We’re told that we have ten years to slash the emissions that lead to climate change before it will become impossible to reverse the process. The pollution of the world’s oceans disturbs me more than any other environmental crisis, possibly because it’s easier to observe its effect than rising temperatures or melting polar icecaps.
This drawing was inspired by two events. Recently I walked along a holiday resort beach at the end of a sunny day, when families were packing up to go home. The amount of rubbish they left behind was unbelievable: polystyrene food containers, plastic wrappers and carrier bags, all sorts of junk they could have taken home. Some helpfully put all their garbage in a plastic bag and left it on the beach for seagulls to tear apart and the tide to wash away.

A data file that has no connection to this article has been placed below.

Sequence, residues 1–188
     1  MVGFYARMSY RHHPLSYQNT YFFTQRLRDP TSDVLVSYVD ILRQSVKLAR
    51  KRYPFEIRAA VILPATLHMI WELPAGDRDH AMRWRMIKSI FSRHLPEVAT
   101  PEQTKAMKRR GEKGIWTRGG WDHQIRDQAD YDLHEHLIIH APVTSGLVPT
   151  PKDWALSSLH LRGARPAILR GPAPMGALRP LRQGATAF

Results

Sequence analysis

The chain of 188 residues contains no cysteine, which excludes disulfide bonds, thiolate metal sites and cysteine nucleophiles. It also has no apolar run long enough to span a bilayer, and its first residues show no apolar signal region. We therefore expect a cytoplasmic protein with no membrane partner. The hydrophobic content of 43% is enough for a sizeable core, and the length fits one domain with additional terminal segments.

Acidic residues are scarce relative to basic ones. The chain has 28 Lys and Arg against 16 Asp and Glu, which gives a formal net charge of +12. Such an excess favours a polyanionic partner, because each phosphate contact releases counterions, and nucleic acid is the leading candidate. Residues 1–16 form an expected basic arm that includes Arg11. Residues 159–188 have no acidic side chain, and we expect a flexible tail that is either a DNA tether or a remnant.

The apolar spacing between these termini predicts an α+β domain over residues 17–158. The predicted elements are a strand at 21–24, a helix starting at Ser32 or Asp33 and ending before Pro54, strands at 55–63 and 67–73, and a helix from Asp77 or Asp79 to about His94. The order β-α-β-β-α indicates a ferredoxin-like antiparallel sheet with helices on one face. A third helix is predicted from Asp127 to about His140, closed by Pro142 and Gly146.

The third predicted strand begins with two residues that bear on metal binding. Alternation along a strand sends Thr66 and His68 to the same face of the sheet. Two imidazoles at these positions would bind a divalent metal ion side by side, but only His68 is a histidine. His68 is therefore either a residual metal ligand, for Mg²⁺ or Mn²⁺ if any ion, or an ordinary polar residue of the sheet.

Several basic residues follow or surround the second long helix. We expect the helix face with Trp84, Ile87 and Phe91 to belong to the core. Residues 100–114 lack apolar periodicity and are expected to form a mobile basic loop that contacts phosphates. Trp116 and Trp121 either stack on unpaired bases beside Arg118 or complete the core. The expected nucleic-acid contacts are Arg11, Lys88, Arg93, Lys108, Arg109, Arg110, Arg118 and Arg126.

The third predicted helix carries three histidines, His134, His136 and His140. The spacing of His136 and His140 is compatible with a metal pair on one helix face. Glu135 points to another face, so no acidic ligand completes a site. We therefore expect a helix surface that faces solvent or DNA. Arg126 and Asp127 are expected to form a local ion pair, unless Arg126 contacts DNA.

The other event happened 25 years ago off the coast of Mumbai. I was on a boat with about 30 others when the engine stalled. As the crew tried to fix it and the boat drifted aimlessly, I wondered if we might have to swim to the shore. The water was brown and uninviting, dotted with the untreated detritus of a large, densely populated city.
The micro and the macro.